This is a continuation of Returning to the Pits of Meaningless Despair.
“Praise the Lord. I’ve found you!”
She looked up from a paperback she’d been pretending to read and there stood Chad. He was no longer the long-legged boy she remembered but still seemed on the edge of evaporating into another world. When she’d first met Nora, Nora had that same look. They could’ve been twins, Nora and Chad. They had the same ivory skin and perfectly straight black hair. The same long, spider-like fingers and patrician noses.
“I’ve found her!” Chad shouted to his family who soon gathered around where she sat on the tile floor with her back to the wall. There was Mrs. C, clad in crimson and turquoise robes like an African Queen, her long hennaed hair piled on top of her head in a loopy bun, Katie Girl, who’d gone from golden-haired cherub to surly pre-teen, and David Josiah, the middle child whom no one ever worried about.
“I thought you had to go to Mass,” Brandy said as she tried to rise to her feet. For some reason, her knees felt weak and threatened to fold.
“We’re so happy you caught us before we left!” Mrs. C said. “Praise the Lord! Chad Boy, grab her duffel. We’ve got to run or we will be late!”
Brandy thought of calling home and leaving yet another message but instead allowed herself to be shuffled out to the Cain’s station wagon and stuffed between Katie Girl and David on the backseat. “After Mass we’ll drop you off at your house.” Mrs. C promised as she drove toward the center of town. “Unless you want to come home with us. Father’s bringing Nora and that precious baby girl of hers to Mass and I know she’d love to spend time with you afterwards.”
“I really don’t know where home is anymore,” she finally said.
“Then it’s settled. We’ll sort it all out, Honey. Don’t you worry!”
Downtown Reno had given up all pretense of respectability. The JC Penneys was abandoned and boarded up and the Granada theater flattened for a parking lot. Nothing had survived except casinos and pawn shops. Even the Mapes Coffee Shoppe where she and Old Sarah Jennis had treated themselves to chocolate malts and French Fries at the end of every school year had a security guard standing outside the entrance.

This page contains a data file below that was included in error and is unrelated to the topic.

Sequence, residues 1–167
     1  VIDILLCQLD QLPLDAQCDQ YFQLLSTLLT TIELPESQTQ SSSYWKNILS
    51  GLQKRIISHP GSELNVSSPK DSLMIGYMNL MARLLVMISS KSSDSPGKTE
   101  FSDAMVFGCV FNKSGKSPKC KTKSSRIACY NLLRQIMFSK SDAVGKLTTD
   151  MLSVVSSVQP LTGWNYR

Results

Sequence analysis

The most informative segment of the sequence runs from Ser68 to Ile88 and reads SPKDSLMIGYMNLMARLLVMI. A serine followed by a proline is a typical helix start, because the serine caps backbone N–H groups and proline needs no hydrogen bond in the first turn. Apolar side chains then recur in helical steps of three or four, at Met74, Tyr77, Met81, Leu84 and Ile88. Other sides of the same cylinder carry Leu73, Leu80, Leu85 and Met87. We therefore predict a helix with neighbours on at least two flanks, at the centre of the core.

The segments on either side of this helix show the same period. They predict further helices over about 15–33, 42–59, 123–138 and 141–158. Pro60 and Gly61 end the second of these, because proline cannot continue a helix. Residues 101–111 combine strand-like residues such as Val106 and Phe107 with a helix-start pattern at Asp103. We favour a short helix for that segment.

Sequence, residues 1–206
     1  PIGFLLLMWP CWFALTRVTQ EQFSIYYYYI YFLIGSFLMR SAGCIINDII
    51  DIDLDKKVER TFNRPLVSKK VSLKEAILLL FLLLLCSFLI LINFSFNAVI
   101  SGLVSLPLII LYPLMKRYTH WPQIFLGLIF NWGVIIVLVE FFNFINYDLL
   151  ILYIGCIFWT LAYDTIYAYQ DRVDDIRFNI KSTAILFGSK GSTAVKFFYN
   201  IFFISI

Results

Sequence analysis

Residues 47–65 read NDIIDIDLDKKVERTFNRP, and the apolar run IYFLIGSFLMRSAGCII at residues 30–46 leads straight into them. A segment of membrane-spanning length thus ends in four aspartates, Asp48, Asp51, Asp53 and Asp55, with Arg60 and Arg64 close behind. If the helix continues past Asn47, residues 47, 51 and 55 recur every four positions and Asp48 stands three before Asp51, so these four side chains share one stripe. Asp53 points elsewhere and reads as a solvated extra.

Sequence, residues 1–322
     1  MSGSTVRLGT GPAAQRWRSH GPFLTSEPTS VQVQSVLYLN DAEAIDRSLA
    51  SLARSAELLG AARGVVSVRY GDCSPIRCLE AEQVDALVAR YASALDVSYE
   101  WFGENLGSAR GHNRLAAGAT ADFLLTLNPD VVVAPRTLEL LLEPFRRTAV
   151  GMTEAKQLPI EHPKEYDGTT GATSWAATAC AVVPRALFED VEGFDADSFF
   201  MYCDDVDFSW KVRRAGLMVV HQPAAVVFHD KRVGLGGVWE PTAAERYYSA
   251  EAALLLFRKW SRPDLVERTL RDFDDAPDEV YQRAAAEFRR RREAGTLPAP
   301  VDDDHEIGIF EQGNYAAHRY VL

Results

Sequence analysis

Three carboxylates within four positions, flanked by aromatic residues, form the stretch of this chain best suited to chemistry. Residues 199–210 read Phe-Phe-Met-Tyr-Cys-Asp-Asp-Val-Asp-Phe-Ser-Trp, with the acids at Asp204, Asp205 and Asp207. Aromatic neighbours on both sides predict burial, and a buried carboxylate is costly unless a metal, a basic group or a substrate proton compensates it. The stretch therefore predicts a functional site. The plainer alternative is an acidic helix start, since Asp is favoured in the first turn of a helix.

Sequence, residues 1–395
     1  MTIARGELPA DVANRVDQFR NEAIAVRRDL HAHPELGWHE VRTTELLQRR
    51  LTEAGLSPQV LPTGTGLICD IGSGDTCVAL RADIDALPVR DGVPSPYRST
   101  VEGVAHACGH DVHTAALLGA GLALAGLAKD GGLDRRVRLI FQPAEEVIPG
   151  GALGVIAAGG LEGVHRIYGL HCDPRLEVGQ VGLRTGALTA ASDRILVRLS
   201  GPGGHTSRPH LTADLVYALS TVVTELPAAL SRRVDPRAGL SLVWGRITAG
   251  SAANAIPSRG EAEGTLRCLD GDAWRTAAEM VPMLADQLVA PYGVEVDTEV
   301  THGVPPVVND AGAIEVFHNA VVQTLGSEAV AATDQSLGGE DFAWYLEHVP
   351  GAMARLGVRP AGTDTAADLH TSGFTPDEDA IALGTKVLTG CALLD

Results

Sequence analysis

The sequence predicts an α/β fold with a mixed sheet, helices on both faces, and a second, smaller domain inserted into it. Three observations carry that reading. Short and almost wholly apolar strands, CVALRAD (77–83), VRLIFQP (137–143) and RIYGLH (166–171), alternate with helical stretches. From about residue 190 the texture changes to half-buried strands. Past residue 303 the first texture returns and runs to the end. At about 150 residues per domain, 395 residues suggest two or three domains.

As they were pulling up to the cathedral David pulled some sort of gerbil from from the inside pocket of his flannel shirt, “Look Brandy. I brought Mr. Nibbles.”
“What is he?” Brady asked.
“He’s a ⏤”
“Mother, David brought Mr. Nibbles!” Katie Girl yelled.
“Mr. Nibbles deserves the blessings of the Lord just the same as you Katie Girl!”
Mrs. C turned around and glared at her youngest son. “Good Golly Moses! David Josiah, we’ve had this discussion before. If Mr. Nibbles should get loose ⏤”
“Mother! The wheel!”
Mrs. C had forgotten that she was driving the car. Fortunately Chad was sitting next to her and could grab the wheel before the “C-Mobile” crossed both lanes and ended up in the river. Unfortunately he’d over-corrected and the car jumped the curb and ended up on the sidewalk. Not a problem for Mrs. C. She drove the rest of the way into the parking lot on the sidewalk.
“Praise the Lord!” Mrs. C said, as she parked the car triumphantly. Blessed Lord Jesus had insured that no one was on the sidewalk as if anyone in the car had a reason to doubt. “David Josiah I want you to leave Mr. Nibbles in the car! And that goes for any other of God’s creatures you’ve dragged along!”